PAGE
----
Toronto – Ontario Auditor General Bonnie Lysyk is “100 per cent correct” when she says the provincial government has no unfettered right to count public employees’ pension funds as government assets, the President of the Ontario Public Service Employees Union says.
“We agree entirely with Ms. Lysyk when she says that the money in jointly-trusteed pension plans is ‘for the benefit of employees and retirees,’” OPSEU President Warren (Smokey) Thomas said today. “As President of OPSEU, I will never support any move to allow the government to siphon money from any of those plans for any other purpose.”
The provincial government maintains that surpluses in the Ontario Teachers’ Pension Plan and OPTrust, the pension plan for 87,000 current and former OPSEU members, should be accounted for as government assets on the province’s books.
But many public sector plans in Ontario are jointly trusteed, meaning that employers and unions manage the plans together. In a news release today, the Auditor General said she would not give the province’s books “a clean audit opinion” without a letter from plan sponsors agreeing to the government’s view.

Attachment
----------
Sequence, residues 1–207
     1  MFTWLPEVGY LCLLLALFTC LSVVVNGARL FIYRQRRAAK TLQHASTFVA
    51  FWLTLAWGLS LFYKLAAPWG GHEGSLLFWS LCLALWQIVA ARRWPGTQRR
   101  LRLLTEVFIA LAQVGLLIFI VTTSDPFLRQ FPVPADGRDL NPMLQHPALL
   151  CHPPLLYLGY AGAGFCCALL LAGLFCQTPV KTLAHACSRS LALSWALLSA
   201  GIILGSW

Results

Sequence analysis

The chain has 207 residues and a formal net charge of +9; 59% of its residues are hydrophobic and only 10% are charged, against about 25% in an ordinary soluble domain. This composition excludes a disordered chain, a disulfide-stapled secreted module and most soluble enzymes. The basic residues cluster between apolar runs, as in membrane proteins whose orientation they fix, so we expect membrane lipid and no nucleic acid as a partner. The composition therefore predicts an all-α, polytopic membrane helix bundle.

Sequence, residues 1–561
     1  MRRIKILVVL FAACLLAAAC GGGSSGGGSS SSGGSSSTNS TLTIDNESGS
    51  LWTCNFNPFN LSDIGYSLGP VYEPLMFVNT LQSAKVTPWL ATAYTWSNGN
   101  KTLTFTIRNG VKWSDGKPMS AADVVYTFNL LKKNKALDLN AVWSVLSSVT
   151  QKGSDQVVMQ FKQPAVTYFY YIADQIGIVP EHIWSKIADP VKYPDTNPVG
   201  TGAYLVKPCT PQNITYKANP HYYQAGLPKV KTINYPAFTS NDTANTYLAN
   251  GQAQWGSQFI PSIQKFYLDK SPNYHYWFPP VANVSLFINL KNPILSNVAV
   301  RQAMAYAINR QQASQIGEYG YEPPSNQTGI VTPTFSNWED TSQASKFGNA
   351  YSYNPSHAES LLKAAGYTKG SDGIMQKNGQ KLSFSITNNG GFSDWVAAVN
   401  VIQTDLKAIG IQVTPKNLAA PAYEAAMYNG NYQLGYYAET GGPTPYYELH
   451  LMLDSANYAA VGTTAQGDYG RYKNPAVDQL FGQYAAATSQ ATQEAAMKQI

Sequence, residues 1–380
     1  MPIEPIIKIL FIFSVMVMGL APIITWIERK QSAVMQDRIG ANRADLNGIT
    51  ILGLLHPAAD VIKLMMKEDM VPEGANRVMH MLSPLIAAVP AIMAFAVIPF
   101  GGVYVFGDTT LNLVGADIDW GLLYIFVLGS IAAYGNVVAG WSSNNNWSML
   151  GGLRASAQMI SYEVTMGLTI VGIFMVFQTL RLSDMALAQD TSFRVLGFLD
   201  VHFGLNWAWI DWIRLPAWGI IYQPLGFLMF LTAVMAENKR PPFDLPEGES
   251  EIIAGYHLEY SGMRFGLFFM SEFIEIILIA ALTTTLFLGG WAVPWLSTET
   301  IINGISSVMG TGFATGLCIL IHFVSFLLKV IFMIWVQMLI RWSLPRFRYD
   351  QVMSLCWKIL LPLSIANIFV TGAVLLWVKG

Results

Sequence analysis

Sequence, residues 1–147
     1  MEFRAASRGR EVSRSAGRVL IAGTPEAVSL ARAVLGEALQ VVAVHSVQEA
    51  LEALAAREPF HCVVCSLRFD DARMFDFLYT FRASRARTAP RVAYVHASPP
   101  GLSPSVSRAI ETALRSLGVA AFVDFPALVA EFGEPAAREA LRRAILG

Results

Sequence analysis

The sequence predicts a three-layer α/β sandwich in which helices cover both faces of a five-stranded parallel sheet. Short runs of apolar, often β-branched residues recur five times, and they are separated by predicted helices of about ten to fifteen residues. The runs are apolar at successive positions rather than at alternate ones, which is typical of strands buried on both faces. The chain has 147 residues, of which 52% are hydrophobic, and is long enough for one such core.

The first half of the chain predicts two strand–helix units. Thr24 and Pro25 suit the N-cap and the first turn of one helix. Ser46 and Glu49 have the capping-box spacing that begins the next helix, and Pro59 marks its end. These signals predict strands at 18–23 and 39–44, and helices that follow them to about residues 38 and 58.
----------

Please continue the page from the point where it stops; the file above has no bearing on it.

“Members of my union were fighting for joint trusteeship at least as far back as the 1960s because they were tired of seeing government after government using their retirement savings as a source of cheap capital,” Thomas said. “We first got joint trusteeship in the early 1990s. As a result, we have a number of extremely well-run pension plans that deliver good, stable incomes to retirees at a very affordable cost.
“We have no interest in going back in time.”
For more information: Warren (Smokey) Thomas, 613-329-1931